EYMANFords -- I mean, Wayne's father was a very nice man who was emotionally accessible to him. He was very physical with the boy -- I mean, lovingly -- lovingly physical with the boy. They would play -- he would teach him sports, put his arm around the boy. Ford -- I mean, Wayne loved his dad. But his dad was ineffectual in life. His dad had trouble supporting the family. His marriage was a failure, it was a bad marriage between Wayne's parents. They ended up divorcing, which was unusual in that era -- in the early 20th century.
REHMAnd Wayne went to live with his dad.
EYMANWayne went to live with his father. His younger brother, Bob, went to live with his mother. And his mother never really forgave him. His mother always totally favored his brother Bob. And after Wayne became this huge movie star and producing pictures and this and that, his mother couldn't have cared less.
EYMANShe just wanted to know what he could do for Bob and why wasn't Bob producing these pictures? And why aren't you paying Bob more money? And this and that and the other thing. It was never a moment of praise from his mother about his own career.
REHMBut his relationship with his father remained close from...
EYMANVery close. But all of his life, Ford was drawn to emotionally inaccessible father figures. His father died when Wayne was still in B-movie hell in the mid-thirties. And when he went to USC to play football on a scholarship, there was a coach there -- a very great coach named Howard Jones -- who was one of those guys that you could rush for 250 yards for Howard Jones, and he would nod. That's all he'd give you.
EYMANThere was none of this, hugs -- none of this, you're the best player I've ever coached. None of this -- he was one of those tough, Marine drill instructor type football coaches. And Wayne loved that. And Ford was not radically different from Howard Jones. As a matter of fact, Ford was friends with Howard Jones.
REHMScott Eyman, his new book titled "John Wayne: The Life and Legend." We'll talk more when we come back, take your calls, your comments. Stay with us.
INTERVIEWERAnd welcome back. Scott Eyman has a brand new biography of "John Wayne: The Life and Legend." He actually met John Wayne back in 19...
REHM...remembers that very vividly. Tell us, if you would, about how you think the life differs so dramatically from the legend of John Wayne.
EYMANWell, interesting. He had a fair degree of self awareness. And as he put it, I've been lucky enough to play all these stories of the frontier and of the rough west and the Wild West. And at the same time I had someone to bring me my orange juice in the morning. I mean, he understood that he -- on the one hand he's an actor. And he's not really that guy. He's not really leading the wagon train. He's not really spending seven years of his life searching for Natalie Wood in "The Searchers." He's not actually doing these things. It's a movie.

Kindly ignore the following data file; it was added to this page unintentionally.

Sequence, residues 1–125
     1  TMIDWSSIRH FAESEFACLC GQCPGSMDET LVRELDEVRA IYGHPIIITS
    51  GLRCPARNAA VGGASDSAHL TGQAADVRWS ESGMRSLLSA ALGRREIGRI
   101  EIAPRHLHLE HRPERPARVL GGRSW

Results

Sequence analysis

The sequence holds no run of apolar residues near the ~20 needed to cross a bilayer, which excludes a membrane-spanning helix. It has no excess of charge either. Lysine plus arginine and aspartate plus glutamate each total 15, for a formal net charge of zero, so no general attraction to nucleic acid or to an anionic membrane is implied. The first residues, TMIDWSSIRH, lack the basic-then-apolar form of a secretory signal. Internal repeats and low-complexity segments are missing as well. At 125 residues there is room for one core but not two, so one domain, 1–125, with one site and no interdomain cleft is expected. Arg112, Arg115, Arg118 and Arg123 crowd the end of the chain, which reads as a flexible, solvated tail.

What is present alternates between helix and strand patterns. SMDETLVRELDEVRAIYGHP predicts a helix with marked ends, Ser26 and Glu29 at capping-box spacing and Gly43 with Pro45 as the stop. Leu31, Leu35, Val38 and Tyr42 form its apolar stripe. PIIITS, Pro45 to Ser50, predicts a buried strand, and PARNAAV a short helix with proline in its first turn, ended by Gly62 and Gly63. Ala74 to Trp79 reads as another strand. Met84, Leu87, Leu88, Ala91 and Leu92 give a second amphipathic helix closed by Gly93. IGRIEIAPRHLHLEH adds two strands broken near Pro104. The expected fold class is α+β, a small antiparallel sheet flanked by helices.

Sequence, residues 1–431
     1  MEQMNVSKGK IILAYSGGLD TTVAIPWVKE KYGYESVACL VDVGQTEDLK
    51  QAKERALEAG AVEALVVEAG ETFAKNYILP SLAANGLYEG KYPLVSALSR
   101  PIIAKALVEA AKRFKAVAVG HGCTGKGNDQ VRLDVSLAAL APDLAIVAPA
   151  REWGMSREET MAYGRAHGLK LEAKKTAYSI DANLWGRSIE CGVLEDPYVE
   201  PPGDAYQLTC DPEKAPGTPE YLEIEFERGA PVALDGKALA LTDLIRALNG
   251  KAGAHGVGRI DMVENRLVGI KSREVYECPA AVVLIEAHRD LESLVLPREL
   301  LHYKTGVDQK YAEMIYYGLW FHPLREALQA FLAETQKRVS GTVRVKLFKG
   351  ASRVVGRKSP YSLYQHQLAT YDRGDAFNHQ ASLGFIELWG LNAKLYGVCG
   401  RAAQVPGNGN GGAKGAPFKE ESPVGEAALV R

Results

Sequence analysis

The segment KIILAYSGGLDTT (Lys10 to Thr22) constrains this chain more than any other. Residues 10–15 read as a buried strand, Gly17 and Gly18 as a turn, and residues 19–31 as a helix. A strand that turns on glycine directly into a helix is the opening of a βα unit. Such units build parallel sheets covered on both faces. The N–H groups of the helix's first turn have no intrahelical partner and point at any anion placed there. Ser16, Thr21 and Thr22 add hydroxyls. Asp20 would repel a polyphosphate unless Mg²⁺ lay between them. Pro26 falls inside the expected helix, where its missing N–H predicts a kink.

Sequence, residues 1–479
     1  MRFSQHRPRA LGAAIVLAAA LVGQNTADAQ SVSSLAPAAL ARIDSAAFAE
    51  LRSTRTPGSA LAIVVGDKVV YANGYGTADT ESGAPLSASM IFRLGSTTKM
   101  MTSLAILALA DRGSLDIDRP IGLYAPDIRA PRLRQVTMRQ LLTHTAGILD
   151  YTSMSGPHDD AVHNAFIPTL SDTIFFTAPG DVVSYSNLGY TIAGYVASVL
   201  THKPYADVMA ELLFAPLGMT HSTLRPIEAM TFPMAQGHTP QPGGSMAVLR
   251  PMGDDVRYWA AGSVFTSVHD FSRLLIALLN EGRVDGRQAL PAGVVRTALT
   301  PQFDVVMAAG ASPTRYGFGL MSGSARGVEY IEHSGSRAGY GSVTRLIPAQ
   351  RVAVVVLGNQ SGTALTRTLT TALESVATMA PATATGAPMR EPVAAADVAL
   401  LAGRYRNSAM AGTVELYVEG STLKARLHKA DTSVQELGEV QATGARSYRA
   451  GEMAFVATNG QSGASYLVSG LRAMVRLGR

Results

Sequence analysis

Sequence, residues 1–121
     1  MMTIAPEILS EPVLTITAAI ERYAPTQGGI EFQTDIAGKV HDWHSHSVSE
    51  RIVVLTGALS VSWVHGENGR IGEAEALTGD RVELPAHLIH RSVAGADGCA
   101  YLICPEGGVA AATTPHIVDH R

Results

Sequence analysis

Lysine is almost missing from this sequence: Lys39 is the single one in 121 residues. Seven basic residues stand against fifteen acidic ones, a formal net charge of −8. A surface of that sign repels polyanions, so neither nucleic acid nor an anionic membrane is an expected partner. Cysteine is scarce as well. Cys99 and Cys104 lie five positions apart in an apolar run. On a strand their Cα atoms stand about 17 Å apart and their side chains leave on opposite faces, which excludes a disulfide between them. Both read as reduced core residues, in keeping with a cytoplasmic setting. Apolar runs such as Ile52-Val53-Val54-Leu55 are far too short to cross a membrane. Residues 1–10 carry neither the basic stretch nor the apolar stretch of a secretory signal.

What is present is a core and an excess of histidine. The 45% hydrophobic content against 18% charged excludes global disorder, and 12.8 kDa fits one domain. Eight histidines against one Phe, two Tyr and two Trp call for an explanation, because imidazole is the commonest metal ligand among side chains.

EYMANBut he genuinely believed correctly, I think, that movies have wires into our subconscious. And they can change the way we think and feel, not about movies but about our lives and about the world and about the country we live in. And he wanted very much to be one of those actors who makes a concerted effort to not just make product but to make something that affects people's lives.
REHMNow, we have our first email and apparently there are a number like this. This from Jerry who says, "Just remember that John Wayne often is symbol of the U.S. military, sought and received a deferment from the draft during World War II on grounds that he had a family to support, while Henry Fonda, with an ill wife and two children enlisted in the Navy." Why do you think that was?
EYMANWell, it’s a complicated story. After Pearl Harbor, basically FDR gave the motion picture industry a blanket exemption -- or what amounted to a blanket exemption from the draft for those persons in the industry who were regarded as crucial for propaganda reasons. FDR wanted the movie industry working hard for the war effort.
EYMANThe result of that was that if you wanted to go into the military during the war, you had to enlist. You wouldn't get drafted because the studios, as an almost general rule, would file deferments for you. And the deferments, because of FDR's concern about propaganda films, would be upheld. A lot of people -- a lot of people enlisted.
EYMANJimmy Stewart enlisted in the Air Force, Henry Fonda, as the gentleman said, enlisted in the Navy. Tyrone Power enlisted in the Marines. Clark Gable, who was 40 years old -- 39 or 40 years old enlisted in the Army. Dozens and dozens of people enlisted. Initially Wayne's studio Republic filed the conventional deferments form, as they did for Gene Autry and a number of other people they had under contract.
EYMANIn 1942 Wayne writes a letter to John Ford saying, I want to get in your unit, Pappy. Ford was working at his own unit attached to the OSS for Wild Bill Donovan.